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Today's Tidbit... The First Plastic Helmets and 1940 Northwestern @ Syracuse
Those who designed, produced, and mailed the ticket brochure touting Syracuse's 1940 game with Northwestern had no idea the game would be a watershed moment in football equipment history. Syracuse opened their season the previous week, downing Clarkson 33-0, but the matchup was Northwestern's first, and that made all the difference.
The brochure promoted the Northwestern game and the rest of Syracuse's eight-game schedule, which included two home games, a three-game road loop, and three more home games, all played without leaving the state.
While the brochure profiled all eight games on the schedule, it highlighted the Northwestern game because it was Syracuse's only intersectional contest and came against the second-ever visit by a Big Ten team to Archbold Stadium. Illinois played there in 1909 and Michigan thrice during the Teens, but the Michigan games during the decade when Michigan left the conference.
Although the Central New York State crew looked forward to the game, it would have just been one more of the thousands of games played that year except for John Riddell. John Riddell was Evanston Township High School's football coach in the 1920s when he invented the interchangeable cleat for track and football shoes. The cleats were a hit, and after a few years, he left coaching to build a company that bore his name and produced the first plastic football helmet a decade later. Made of Tenite, a clear plastic developed by Eastman Kodak, the helmets were also transparent, so they painted the school colors on the inside of the shell before adding the suspension system and padding.
As it happens, Northwestern called Evanston home as well, so they received Riddell's first set of game-ready plastic helmets in time for their 1940 opener at Syracuse, with the result that the Syracuse-Northwestern game was the first in which football players wore plastic helmets.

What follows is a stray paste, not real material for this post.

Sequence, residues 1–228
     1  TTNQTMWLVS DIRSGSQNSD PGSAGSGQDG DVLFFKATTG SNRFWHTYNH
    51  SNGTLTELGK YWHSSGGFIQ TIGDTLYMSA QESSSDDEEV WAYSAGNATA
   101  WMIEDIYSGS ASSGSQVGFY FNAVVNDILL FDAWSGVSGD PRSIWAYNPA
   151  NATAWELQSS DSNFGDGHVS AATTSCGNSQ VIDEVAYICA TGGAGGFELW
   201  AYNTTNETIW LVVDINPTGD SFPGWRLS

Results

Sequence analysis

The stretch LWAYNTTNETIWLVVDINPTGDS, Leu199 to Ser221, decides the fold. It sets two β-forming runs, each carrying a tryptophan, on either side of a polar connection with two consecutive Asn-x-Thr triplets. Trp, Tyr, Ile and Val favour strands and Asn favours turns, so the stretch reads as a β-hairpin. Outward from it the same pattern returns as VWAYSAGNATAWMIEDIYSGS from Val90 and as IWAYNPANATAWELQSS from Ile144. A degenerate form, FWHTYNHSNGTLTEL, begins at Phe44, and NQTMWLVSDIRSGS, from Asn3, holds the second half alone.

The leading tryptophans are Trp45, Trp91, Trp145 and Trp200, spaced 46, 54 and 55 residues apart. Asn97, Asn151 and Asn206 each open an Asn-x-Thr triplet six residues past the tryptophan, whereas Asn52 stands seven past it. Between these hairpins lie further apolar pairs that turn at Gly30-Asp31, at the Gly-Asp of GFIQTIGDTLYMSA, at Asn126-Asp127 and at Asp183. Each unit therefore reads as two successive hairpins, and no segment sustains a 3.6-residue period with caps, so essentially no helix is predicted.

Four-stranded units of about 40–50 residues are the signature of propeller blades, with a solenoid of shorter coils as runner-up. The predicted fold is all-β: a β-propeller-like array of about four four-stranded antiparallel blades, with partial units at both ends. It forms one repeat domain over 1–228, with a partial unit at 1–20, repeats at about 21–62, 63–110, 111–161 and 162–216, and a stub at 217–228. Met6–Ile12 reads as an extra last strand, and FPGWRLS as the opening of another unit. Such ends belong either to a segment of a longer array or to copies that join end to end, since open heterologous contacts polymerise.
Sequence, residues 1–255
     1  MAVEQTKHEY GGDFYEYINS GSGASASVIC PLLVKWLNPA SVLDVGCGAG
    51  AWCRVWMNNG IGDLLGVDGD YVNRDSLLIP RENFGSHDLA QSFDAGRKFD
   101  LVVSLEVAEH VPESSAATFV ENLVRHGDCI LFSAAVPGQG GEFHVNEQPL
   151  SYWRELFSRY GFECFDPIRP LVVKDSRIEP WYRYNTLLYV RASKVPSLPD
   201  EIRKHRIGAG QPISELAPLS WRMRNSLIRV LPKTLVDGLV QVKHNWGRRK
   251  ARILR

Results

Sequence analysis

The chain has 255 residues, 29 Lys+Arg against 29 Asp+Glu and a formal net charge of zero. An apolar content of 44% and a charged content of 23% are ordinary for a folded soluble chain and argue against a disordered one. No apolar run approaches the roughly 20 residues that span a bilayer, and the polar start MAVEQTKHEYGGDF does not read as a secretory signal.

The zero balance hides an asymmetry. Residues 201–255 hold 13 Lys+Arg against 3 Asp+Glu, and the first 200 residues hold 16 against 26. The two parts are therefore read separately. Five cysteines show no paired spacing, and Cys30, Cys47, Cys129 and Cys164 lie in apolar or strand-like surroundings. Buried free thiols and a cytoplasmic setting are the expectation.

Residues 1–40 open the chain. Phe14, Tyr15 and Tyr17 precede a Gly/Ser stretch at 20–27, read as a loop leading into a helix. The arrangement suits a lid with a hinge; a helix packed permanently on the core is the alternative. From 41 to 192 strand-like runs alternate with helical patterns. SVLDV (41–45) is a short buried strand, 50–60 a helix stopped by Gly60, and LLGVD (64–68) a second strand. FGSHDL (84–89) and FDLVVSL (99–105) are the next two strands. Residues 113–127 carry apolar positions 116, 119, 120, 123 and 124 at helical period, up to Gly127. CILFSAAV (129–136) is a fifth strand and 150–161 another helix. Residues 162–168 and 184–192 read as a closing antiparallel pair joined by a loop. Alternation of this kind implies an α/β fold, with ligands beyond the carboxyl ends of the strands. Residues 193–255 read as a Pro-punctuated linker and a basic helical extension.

The game was homecoming for Syracuse, and they proved to be welcoming hosts, opening the end zone doors for Northwestern six times and not expecting anything in return as the Wildcats ran away with a 40-0 win.
Few, if anyone, at the time recognized the importance of plastic helmets and their long-term impact on the game. They go unmentioned in the game reports, and the handful of newspapers that mentioned the plastic helmet innovation were those located near the participating schools or the manufacturers producing the helmets or their inputs. The coverage that appeared in print was clearly pulled directly from Riddell or Eastman Kodak press releases.
It is now apparent that plastic helmets and the suspension system developed by Riddell were substantial improvements over their leather predecessors and were a platform allowing for many subsequent advances. Some viewed the helmets as an experiment by a bunch of Northwestern eggheads - the newspaper wags later called them Martian helmets. Still, it was a watershed moment in the equipment game as plastic helmets and shoulder pads quickly became the norm after WWII.
For those interested in reading more about the leather-to-plastic transition, check out the following articles:
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